Glass pipes have certain formal limitations.  Glass is an amorphous material.  It is possible for glass to show fine detail and sharp modeling, but it is more difficult, and in my opinion, is not really respectful of the material’s nature.  One rarely sees fingerprints  as a permanent part of a glass surface, for obvious reasons.1birdd

Surface quality in glass also seems to be more limited.  It’s easy to put a matte glaze on a porcelain piece, not as easy to get the same surface in glass (sandblasting can give beautiful matte surfaces in glass, but the effect is different, especially in a tactile sense, which is so important in hand-held objects.1steampunklizd

Ceramic glazes in general are more varied than glass surface treatments.  I’d say also that accidental effects are more likely to occur in the extreme temperatures of high-fire ceramics, and I really treasure and prepare for those beautiful accidents.

But the biggest reason I want to make porcelain pipes rather than glass pipes?

Because I’m a potter, not a glass maker.  I just like clay.  The feel of the stuff in my hands, the white heat of the firing, the near-immortal quality of the best pottery… I could never give up those pleasures.  My whole life as an artist has revolved around clay, and I hope that involvement will last as long as I do.

See my Etsy shop for more work.




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Close-ups for glazes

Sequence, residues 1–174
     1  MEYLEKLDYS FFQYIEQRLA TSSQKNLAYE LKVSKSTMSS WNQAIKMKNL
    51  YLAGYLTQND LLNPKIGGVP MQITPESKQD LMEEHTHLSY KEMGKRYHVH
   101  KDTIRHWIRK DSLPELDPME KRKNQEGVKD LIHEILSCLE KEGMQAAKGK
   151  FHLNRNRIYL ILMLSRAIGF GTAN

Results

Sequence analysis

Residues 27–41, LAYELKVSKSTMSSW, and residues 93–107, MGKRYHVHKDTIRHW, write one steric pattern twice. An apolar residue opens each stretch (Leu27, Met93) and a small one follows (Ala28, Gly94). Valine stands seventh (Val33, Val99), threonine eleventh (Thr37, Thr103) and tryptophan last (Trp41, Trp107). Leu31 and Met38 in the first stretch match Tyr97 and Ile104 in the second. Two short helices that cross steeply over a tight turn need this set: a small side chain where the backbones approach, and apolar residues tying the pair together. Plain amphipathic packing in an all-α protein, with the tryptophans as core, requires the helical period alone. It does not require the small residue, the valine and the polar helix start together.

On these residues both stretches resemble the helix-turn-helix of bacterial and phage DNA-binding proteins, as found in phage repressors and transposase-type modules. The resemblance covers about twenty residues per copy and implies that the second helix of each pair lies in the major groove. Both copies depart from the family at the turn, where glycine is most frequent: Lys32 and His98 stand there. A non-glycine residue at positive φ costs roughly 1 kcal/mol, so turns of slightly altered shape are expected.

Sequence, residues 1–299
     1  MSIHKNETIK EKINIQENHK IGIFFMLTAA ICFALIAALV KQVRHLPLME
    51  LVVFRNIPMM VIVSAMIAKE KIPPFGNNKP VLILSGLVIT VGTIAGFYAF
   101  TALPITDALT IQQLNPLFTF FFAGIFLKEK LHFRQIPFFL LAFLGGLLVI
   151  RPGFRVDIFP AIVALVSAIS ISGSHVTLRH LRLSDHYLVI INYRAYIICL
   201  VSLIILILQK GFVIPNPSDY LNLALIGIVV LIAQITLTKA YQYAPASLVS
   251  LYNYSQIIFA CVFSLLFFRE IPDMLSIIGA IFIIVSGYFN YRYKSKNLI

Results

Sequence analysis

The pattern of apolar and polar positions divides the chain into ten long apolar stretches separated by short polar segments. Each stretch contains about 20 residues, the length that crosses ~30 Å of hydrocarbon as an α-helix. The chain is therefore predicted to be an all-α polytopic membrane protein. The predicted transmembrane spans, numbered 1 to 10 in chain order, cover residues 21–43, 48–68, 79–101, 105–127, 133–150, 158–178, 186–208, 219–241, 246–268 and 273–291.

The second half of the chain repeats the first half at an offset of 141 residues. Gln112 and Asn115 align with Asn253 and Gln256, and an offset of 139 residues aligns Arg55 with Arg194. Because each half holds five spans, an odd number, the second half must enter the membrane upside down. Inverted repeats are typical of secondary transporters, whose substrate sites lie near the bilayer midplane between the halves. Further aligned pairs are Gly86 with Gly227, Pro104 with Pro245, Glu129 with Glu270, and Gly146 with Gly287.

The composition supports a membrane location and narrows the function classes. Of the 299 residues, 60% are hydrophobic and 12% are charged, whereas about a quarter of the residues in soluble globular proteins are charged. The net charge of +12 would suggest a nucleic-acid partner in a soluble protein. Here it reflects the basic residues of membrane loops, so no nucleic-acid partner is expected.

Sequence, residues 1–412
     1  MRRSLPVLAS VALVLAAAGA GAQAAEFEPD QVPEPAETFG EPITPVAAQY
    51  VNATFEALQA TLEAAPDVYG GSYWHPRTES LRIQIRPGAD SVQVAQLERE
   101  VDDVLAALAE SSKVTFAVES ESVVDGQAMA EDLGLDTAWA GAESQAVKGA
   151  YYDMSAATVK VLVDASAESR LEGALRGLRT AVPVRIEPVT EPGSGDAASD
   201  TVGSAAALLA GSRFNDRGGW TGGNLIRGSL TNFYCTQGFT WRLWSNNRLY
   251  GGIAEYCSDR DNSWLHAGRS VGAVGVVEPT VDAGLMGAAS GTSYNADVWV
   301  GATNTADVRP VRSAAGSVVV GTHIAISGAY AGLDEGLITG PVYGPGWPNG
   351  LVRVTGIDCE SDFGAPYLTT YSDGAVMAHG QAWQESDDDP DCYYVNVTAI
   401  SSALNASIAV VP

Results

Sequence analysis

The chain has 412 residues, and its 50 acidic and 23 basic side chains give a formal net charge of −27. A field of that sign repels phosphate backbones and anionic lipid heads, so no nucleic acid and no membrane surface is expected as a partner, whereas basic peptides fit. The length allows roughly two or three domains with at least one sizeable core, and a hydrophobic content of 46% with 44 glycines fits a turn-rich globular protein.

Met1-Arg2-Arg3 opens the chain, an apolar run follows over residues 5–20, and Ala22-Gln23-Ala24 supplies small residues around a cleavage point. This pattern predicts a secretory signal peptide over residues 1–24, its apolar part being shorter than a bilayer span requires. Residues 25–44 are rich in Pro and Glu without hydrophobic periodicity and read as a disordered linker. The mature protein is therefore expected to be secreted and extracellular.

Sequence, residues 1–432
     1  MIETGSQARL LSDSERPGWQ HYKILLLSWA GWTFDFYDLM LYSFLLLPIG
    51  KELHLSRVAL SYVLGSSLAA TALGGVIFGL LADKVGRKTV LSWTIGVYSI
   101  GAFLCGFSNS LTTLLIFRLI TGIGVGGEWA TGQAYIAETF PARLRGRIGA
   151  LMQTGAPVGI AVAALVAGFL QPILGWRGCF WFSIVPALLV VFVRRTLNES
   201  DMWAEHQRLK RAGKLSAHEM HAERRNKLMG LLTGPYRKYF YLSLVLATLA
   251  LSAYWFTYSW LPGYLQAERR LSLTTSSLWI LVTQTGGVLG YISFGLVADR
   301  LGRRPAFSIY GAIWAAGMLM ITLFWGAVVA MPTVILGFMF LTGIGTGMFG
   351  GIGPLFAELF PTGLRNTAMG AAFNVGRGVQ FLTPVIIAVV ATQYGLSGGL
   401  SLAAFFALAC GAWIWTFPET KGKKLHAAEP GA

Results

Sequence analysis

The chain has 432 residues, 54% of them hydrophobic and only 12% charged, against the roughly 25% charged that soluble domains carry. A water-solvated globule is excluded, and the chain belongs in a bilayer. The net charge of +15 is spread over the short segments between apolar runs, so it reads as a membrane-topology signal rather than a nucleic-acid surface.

Last night I spent a couple hours editing photographs for my Etsy shop.  I have a fairly elaborate set-up for photographing my work– there’s a light tent, and couple good lights, a gradient background and so on.  My digital camera is getting old but it still takes high resolution images.  Lately I’ve been trying to include a close-up shot of the glaze for each piece.  Because the camera’s resolution is so much higher than is needed for web applications like the shop, I can zoom right in and get images that can be pretty amazing. stripemugd  For example, this is a zoom of a mug I photographed  last night.  The mug was fluted by cutting a flute in every other slot around the mug.  Then I dipped the mug in a blue slip.  Once the slip stiffened and became part of the leather-hard piece, I cut the remaining flutes between the already-cut flutes.  This gave me a strong striped effect, with the glaze breaking green on the edges.  The crystalline effect that you can easily see here is one reason I like this glaze a lot.